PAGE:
Two new community librarians joined the network in September and December, and this contributed significantly to an enhanced focus on the role of libraries, and how they contribute to creating inclusive and accessible spaces for patrons. Our discussions recognised the infrastructural and economic barriers preventing many library users and readers more generally from accessing reading materials. We also discussed how libraries in Kenya already provide important training opportunities for digital literacy and help promote gender equality through education and health/welfare services. During the evaluation sessions, one of our facilitators noted that he would extend the training he had received to the users of his community library:
“I really felt good being the facilitator, and I hope I can do this more and more with
my readers at the library, because this really is impactful and gives everyone a bit of high
self esteem and confidence. Especially when it comes to becoming an author. We have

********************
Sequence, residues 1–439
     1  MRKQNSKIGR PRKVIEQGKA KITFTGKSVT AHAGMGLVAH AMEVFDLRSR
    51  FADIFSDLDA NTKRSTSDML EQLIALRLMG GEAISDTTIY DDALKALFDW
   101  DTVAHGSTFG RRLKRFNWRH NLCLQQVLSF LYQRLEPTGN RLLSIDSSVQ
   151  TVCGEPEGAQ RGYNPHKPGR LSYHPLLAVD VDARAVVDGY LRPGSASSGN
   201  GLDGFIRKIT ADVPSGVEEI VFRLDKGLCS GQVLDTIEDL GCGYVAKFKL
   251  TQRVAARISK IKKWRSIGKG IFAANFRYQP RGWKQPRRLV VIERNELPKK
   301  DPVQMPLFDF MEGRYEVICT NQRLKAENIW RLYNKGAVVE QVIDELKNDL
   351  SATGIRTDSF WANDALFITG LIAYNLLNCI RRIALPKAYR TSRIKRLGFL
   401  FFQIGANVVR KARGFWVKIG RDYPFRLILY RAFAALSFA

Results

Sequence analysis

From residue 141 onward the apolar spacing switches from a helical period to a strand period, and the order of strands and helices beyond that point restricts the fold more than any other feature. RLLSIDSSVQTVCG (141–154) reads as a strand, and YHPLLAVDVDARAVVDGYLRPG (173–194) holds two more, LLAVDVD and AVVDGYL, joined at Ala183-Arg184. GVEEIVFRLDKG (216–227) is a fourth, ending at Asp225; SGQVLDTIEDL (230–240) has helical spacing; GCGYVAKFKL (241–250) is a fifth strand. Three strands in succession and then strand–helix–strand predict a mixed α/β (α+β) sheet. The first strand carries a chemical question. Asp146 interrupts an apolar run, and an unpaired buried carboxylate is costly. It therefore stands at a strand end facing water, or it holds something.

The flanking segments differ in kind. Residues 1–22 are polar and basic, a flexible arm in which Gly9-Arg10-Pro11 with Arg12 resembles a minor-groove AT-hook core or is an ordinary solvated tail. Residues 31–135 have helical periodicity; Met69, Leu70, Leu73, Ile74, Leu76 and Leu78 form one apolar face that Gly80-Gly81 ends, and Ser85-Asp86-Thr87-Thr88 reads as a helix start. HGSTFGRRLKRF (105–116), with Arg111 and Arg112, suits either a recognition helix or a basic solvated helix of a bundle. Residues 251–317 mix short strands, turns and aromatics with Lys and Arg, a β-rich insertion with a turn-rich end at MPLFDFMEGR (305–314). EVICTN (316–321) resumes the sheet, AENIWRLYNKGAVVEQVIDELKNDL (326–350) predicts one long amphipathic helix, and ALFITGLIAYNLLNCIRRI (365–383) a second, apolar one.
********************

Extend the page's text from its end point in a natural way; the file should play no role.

alot of young people here that want to become authors, but now they don’t have the
support. But if you give such a platform whereby they can write, and you can cast their
stories to the world…I think it’s a very impactful thing.”
As well as identifying libraries as a key focus for our discussions and as potentially key areas for future collaborations, the other main strand bringing together network members is an interest in reading cultures and reading beyond the classroom. Another key addition to the network who joined in the summer of 2020 brought a wealth of experience in terms of running reading programmes across Africa, as well as advising on policy for both government and NGOs.